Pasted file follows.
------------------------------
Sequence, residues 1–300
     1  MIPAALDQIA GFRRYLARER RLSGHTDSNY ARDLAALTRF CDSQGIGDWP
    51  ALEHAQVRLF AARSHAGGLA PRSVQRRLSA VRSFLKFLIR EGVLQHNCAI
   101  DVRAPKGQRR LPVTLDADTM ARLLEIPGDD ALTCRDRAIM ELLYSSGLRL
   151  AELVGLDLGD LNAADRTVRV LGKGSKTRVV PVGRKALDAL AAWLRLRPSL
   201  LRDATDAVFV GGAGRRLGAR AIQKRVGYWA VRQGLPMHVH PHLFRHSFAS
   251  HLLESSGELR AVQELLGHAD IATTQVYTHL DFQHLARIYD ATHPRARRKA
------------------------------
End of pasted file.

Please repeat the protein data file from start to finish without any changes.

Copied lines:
Sequence, residues 1–300
     1  MIPAALDQIA GFRRYLARER RLSGHTDSNY ARDLAALTRF CDSQGIGDWP
    51  ALEHAQVRLF AARSHAGGLA PRSVQRRLSA VRSFLKFLIR EGVLQHNCAI
   101  DVRAPKGQRR LPVTLDADTM ARLLEIPGDD ALTCRDRAIM ELLYSSGLRL
   151  AELVGLDLGD LNAADRTVRV LGKGSKTRVV PVGRKALDAL AAWLRLRPSL
   201  LRDATDAVFV GGAGRRLGAR AIQKRVGYWA VRQGLPMHVH PHLFRHSFAS
   251  HLLESSGELR AVQELLGHAD IATTQVYTHL DFQHLARIYD ATHPRARRKA